Any region that experiences freezing winter weather can be subject to a number of woes caused by the cold, snow, frost or a combination of the season’s worst elements.
One of these threats is frost heave. While frost heave is often thought of as a problem for shallow-rooted plants, it can also become a potential issue for your hardscaping if it was not installed properly.
What causes frost heave
Frost heave is when freezing temperatures reach the soil and cause subsurface water to form into ice. As it freezes, it expands, displacing soil and pushing upwards.
In order for frost heave to occur, there must be freezing temperatures, water and frost-susceptible soil. Fine-grain soil is the most susceptible to frost heave.
Frost heave is most common during late winter or early spring as the temperatures fluctuate. The changed depth of the frost creates a series of ice lenses with layers of frozen soil in between. As the ice lenses grow, the deformation and upward thrusting of the ground surface takes place.
This can cause joint sand under walkways to settle unevenly and can create dangerous and ugly bulges that are unsafe on your customer’s patio and/or walkway. Flagstone walkways are generally less affected by frost heave and typically only require the replacement of the damaged stone.
According to Carpenter & Costin, based in Ruthland, Vermont, the solution to frost heave varies. They suggest leaving it alone at first to see if the soil will settle back into place. If the pavers don’t settle back into the right spot, the base or surrounding area may need some work to improve the drainage.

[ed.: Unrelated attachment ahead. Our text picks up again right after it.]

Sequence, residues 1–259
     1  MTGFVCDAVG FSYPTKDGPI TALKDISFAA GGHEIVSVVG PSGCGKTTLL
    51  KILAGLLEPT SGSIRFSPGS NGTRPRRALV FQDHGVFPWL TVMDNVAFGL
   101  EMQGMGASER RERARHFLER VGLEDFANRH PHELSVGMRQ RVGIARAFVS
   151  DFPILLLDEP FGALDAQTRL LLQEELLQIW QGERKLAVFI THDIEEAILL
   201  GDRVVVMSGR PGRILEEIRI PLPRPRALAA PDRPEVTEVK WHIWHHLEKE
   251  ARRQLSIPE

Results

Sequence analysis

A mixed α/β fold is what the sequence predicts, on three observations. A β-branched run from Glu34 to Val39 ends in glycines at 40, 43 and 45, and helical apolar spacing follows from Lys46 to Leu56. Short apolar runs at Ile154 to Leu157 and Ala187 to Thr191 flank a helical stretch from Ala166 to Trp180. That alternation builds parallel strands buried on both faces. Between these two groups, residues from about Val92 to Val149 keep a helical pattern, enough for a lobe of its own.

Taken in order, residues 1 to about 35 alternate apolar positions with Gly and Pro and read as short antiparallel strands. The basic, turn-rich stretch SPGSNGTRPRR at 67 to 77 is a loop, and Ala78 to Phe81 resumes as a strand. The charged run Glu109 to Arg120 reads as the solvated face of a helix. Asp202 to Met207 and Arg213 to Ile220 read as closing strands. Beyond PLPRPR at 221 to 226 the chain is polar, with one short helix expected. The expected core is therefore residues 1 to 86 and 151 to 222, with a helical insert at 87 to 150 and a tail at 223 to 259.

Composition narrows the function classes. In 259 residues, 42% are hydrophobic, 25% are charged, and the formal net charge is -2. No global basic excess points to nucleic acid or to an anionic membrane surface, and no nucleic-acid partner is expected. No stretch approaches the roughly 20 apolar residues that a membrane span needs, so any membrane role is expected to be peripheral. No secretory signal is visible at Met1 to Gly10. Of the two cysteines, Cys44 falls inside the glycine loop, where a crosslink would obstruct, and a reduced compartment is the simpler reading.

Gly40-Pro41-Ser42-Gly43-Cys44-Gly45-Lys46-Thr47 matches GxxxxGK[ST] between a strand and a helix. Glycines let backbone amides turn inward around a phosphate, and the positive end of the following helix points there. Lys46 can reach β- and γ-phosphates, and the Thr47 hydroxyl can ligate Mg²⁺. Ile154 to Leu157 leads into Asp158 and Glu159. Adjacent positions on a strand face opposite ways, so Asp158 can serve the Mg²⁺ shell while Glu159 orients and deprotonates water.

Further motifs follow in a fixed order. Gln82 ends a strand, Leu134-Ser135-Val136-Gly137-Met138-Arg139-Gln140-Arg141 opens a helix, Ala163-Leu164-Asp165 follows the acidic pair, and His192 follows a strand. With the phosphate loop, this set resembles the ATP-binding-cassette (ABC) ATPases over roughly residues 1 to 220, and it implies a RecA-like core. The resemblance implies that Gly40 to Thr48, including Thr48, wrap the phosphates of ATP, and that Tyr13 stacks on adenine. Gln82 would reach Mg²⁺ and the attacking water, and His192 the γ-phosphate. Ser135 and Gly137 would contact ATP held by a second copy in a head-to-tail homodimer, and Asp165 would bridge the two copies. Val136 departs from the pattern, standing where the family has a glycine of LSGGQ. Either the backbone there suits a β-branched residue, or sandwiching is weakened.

With mild cases of frost heave, landscapers can remove pavers that have raised or settled, add or subtract some sand and reinstall the pavers. More severe cases are a sign it’s time for a full replacement.
A concrete base that is too thin or lacks proper drainage can easily crack from frost heave and usually requires a full replacement since the problem starts with the subgrade.
Hopefully, if your customer has experienced frost heave with their hardscaping, it wasn’t a project you installed. But if it is or if they’ve come to you for professional help to fix someone else’s mess, here are the ways to properly install a base that helps minimize the chance of frost heave ruining their walkways again.
By eliminating one or all of the conditions needed for frost heave, you can help mitigate this type of damage. Reducing frost penetration, keeping water out of the freezing zone, or making sure soil in the freezing zone is not susceptible to frost are all options.
The first thing to evaluate is the soil type and drainage you are working with. Soil types that hold more water or soil that has poor drainage or sits near an underground spring are more likely to experience frost heaving.
“If the soil exhibits clay-like conditions, then the base must be deeper,” the Bahler Brothers, based in South Windsor, Connecticut, say on their blog. “In some cases on a paver driveway, you may have up to two feet of base material.”
It is important to dig below the historic frost line and address any drainage problems when working on the base. Making sure a base is properly graded and compacted to the International Concrete Paving Institute’s (ICPI) standards can ensure you don’t have call backs in the future.
Also, when using edging to hold paverss in place, avoid using plastic, as this can also heave in cold weather.
If you are building a hardscape out of stone, opt for large pieces as these will stay in place better. Smaller stones can be easily undermined by the freeze/thaw cycle.